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Emails about a June 2016 meeting between a Russian lawyer and top Trump officials for the purpose of delivering damaging information on Hillary Clinton may not be evidence of collusion. But they are certainly affirmation that the Trump campaign was an eager partner, willing to do whatever was needed, including working with a foreign, hostile power, to get information to support the Republican nominee. And that is alarming enough as it is.

Moreover, it’s further proof that leaders of the Trump campaign, despite coordinated vehement denials of any involvement with Moscow prior to the election, have been less than forthcoming, further justifying the need for the ongoing investigations into their Russian ties.

Trump officials contend the meeting was much ado about nothing. That may be. But there’s no avoiding the incriminating information contained in the emails released by Donald Trump Jr. Tuesday moments before they were about to be published by the New York Times. Here are some of the most troubling aspects:

First, the emails contradict what Trump Jr. claimed on Saturday that the meeting with Kremlin-connected lawyer Natalia Veselnitskaya as well as Paul Manafort, then the campaign’s chairman, and Jared Kushner, the president’s son-in-law, was primarily about a Russian adoption program. He also argued that he had not told Manafort and Kushner what the meeting was about. But the emails, which he had forwarded to Manafort and Kushner, clearly indicated that the purpose of the meeting was “to provide the Trump campaign with some official documents and information that would incriminate Hillary and her dealings with Russia and would be very useful to your father.” To further demonstrate that Trump Jr. understood the goal of the meeting, he responded, “If it’s what you say I love it especially later in the summer.”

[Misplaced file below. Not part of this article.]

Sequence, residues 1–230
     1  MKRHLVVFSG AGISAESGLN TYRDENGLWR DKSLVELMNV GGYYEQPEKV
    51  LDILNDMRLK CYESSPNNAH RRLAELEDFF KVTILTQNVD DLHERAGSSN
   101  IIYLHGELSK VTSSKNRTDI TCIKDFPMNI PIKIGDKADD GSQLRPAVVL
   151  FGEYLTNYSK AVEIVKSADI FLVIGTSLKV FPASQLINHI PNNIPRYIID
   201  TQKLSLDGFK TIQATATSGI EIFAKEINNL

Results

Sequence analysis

Second, the emails make clear that the three leaders of the Trump campaign were not just meeting with a Russian attorney operating independently. An email from Rob Goldstone, a trusted intermediary, noted that Trump Jr. would be meeting with a woman who was a “Russian government attorney.” Furthermore, Goldstone said that the information came from Russia’s chief prosecutor who had decided to pass it along to the Trump campaign. This is the first direct evidence that senior Trump associates were willing to work with Russian government officials in an effort to defeat Clinton.

Third, this is further proof that the Russians were seeking to meddle in the U.S. election with the goal of ensuring a Trump victory. Goldstone notes, “This is obviously very high level and sensitive information but is part of Russia and its government’s support for Mr. Trump.”

Intelligence agencies have already concluded that Russians had worked to support Trump by hacking into the emails of the Democratic Party and Hillary Clinton. Some of that information was released in July 2016.

Finally, the memos leave behind an array of troubling questions concerning whether Trump was aware of the meeting — how could he not be? — and whether any incriminating information eventually was passed along directly to the Trump campaign or indirectly to other sources. Trump Jr. has indicated that nothing came of the meeting. “No details or supporting information was provided or even offered,” he said. “It quickly became clear that she had no meaningful information.” But given how often his story has changed, these questions would be better left to the Justice Department, as well as the House and Senate Intelligence Committees, which are investigating these Russian connections.